Efficacy of Cognitive Behavioral Therapy for Anxiety‑Related Disorders: A Meta‑Analysis of Recent Literature
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AnxietyAnxiety disordersCognitive behavioral therapyMeta-analysisPosttraumatic stress disorderRandomized controlled trials
Bhattacharya, S... [et al.]. Efficacy of Cognitive Behavioral Therapy for Anxiety-Related Disorders: A Meta-Analysis of Recent Literature. Curr Psychiatry Rep 25, 19–30 (2023). [https://doi.org/10.1007/s11920-022-01402-8]
SponsorshipAlexander von Humboldt Foundation; United States Department of Health & Human Services National Institutes of Health (NIH) - USA R01AT007257 United States Department of Health & Human Services National Institutes of Health (NIH) - USA NIH National Institute of Mental Health (NIMH) R01MH099021 U01MH108168; James S. McDonnell Foundation 21st Century Science Initiative in Understanding Human Cognition - Special Initiative; Projekt DEAL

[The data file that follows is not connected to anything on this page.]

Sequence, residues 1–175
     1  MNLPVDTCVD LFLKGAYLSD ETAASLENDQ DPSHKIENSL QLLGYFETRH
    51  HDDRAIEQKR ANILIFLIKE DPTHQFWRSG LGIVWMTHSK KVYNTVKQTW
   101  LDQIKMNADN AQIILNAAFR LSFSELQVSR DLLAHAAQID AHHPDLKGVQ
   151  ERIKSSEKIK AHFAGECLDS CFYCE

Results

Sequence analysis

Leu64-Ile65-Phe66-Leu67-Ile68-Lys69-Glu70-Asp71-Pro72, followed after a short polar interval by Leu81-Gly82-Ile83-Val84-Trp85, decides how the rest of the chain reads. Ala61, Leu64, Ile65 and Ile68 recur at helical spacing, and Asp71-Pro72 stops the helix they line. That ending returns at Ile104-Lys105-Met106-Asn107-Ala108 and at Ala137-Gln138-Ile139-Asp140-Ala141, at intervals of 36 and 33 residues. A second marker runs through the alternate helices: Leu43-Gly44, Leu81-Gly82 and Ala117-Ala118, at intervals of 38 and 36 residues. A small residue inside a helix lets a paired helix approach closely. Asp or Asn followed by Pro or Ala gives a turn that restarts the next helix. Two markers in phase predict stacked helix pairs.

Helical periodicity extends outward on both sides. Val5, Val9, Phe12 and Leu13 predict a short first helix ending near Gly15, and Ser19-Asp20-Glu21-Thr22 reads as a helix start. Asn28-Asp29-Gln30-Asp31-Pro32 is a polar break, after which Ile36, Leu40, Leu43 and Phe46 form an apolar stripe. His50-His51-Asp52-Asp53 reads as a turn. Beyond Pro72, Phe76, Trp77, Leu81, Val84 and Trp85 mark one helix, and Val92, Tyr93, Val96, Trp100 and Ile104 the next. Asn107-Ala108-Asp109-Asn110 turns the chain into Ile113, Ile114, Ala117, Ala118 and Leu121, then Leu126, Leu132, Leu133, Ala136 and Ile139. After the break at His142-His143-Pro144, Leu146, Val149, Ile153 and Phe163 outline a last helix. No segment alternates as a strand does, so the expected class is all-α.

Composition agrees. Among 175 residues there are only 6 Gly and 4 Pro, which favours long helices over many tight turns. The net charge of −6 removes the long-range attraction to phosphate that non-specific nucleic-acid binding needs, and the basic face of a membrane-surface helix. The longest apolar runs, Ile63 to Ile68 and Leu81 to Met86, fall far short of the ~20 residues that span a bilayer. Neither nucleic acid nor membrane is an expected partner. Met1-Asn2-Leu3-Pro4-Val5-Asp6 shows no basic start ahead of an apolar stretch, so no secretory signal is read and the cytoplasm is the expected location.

Purpose of Review Effective treatment of anxiety-related disorders is crucial, considering the prevalence of such disorders and their association with poor psychosocial functioning. To evaluate the most recent evidence on the efficacy of cognitive behavioral therapy (CBT) for anxiety-related disorders in adults, we conducted a meta-analysis of randomized placebocontrolled trials published since 2017. Recent Findings Ten studies with a total of 1250 participants met the inclusion criteria. Seven of these studies examined PTSD. The findings demonstrated small placebo-controlled effects of CBT on target disorder symptoms (Hedges’ g = 0.24, p < 0.05) and depression (Hedges’ g = 0.15, p = n.s). When examining only PTSD studies, effects were reduced (Hedges’ g = 0.14, p < 0.05). Heterogeneity in most analyses was very low, and no publication bias was found. Summary Effect sizes from placebo-controlled trials from the past 5 years appear to be smaller than those in prior metaanalyses. The findings are largely driven by research on PTSD, with few placebo-controlled trials of other anxiety-related disorders published since 2017.